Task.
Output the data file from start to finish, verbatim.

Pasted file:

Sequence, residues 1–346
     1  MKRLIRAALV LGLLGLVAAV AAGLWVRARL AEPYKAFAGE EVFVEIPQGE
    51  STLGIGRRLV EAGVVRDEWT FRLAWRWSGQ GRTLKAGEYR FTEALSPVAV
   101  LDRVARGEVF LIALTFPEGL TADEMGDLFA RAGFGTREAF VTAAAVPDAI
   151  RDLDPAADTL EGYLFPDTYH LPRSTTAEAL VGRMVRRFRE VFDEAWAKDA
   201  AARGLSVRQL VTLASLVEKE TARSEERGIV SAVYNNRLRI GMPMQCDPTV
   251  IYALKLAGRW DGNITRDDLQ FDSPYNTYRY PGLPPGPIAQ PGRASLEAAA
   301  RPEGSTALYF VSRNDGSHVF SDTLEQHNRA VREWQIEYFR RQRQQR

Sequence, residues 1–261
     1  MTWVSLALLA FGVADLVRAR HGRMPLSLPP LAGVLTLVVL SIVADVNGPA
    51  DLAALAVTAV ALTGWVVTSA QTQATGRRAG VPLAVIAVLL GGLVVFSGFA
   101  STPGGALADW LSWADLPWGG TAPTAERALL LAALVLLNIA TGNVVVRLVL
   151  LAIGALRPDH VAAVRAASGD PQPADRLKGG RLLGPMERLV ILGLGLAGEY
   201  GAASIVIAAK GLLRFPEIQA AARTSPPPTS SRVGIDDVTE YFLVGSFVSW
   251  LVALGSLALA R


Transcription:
Sequence, residues 1–346
     1  MKRLIRAALV LGLLGLVAAV AAGLWVRARL AEPYKAFAGE EVFVEIPQGE
    51  STLGIGRRLV EAGVVRDEWT FRLAWRWSGQ GRTLKAGEYR FTEALSPVAV
   101  LDRVARGEVF LIALTFPEGL TADEMGDLFA RAGFGTREAF VTAAAVPDAI
   151  RDLDPAADTL EGYLFPDTYH LPRSTTAEAL VGRMVRRFRE VFDEAWAKDA
   201  AARGLSVRQL VTLASLVEKE TARSEERGIV SAVYNNRLRI GMPMQCDPTV
   251  IYALKLAGRW DGNITRDDLQ FDSPYNTYRY PGLPPGPIAQ PGRASLEAAA
   301  RPEGSTALYF VSRNDGSHVF SDTLEQHNRA VREWQIEYFR RQRQQR

Sequence, residues 1–261
     1  MTWVSLALLA FGVADLVRAR HGRMPLSLPP LAGVLTLVVL SIVADVNGPA
    51  DLAALAVTAV ALTGWVVTSA QTQATGRRAG VPLAVIAVLL GGLVVFSGFA
   101  STPGGALADW LSWADLPWGG TAPTAERALL LAALVLLNIA TGNVVVRLVL
   151  LAIGALRPDH VAAVRAASGD PQPADRLKGG RLLGPMERLV ILGLGLAGEY
   201  GAASIVIAAK GLLRFPEIQA AARTSPPPTS SRVGIDDVTE YFLVGSFVSW
   251  LVALGSLALA R